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See the answers posted here. "In your case both source and destination IP address are in the same subnet, so the destination is directly reachable and the packet is thus delivered directly without router involvement. That's why you see only a single hop in the traceroute output."


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If Anti-malware/bloatware is what you are looking at, here are a few: Superanti spyware Malware-bytes Combo Fix ADW cleaner CCleaner Temp File Cleaner Run Combo-Fix at the last.


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Check your HOSTS file: Windows Windows 7 & Windows 8 Notepad must be run as Administrator. 1. Right click Notepad and select Run as administrator 2. When Notepad opens Click File -> Open C:\Windows\System32\Drivers\etc\hosts 3. Click Open DEFAULT hosts file is below, compare and modify. You could just replace, but backup existing first just ...


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I assume that your intranet is connected to the Internet? If so, it's probably behind a NAT router, which would mean that the IP allocation inside the network is different from outside. This is a commons network security measure. More info on HowStuffWorks: Network Address Translation allows a single device, such as a router, to act as an agent between ...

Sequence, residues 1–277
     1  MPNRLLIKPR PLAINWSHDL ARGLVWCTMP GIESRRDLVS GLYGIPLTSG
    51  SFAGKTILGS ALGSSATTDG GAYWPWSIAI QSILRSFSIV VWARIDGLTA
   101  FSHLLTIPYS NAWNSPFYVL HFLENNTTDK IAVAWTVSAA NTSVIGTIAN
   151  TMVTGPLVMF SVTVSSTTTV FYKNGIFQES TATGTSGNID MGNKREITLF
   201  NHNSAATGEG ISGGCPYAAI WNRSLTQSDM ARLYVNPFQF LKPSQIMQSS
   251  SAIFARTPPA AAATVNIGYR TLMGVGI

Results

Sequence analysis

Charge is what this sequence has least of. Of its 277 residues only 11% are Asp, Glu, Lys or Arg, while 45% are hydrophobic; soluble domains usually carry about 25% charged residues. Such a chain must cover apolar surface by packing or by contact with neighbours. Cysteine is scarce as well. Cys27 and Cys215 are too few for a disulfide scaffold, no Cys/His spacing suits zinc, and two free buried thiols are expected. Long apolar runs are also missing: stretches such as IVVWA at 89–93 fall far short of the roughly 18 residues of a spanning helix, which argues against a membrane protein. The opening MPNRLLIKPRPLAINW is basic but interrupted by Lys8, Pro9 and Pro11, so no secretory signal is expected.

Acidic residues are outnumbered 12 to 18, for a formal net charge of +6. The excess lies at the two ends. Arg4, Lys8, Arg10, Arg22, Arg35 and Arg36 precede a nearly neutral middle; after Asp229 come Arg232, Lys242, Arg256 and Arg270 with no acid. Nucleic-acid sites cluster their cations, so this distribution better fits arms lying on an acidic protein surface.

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The manual for your Sitecom router appears to have instructions for setting it up in bridge mode. Looks like it's on the Wireless - Basic tab, second drop down.


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This depends on your hardware. Research how to setup VLANs on your switch and edge router. Put each WiFi router into a seperate VLAN and tell your edge router to channel traffic from these VLANs over the additional WAN IPs.


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Whew. This is a bit of a tricky one given your scenario. First off, router 2 shouldn't share an interface with router 1 that is also on their client-side interfaces. In your example, all 4 devices share the same LAN segment, which as an aside is in the non-routable (edit: across the "Internet") IP address range for the 192.168.x.y family. A better way ...


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Your example is flawed. (I saw you edit it, it's still flawed.) In your example, Router 1 and 2 are on the same subnet (i.e. they have the same subnet mask). So Computer 1 is NOT going to send anything out of the default gateway, it is simply going to throw the packet out of the NIC and expect that a switch or the medium will get it to Computer 2. Now, if ...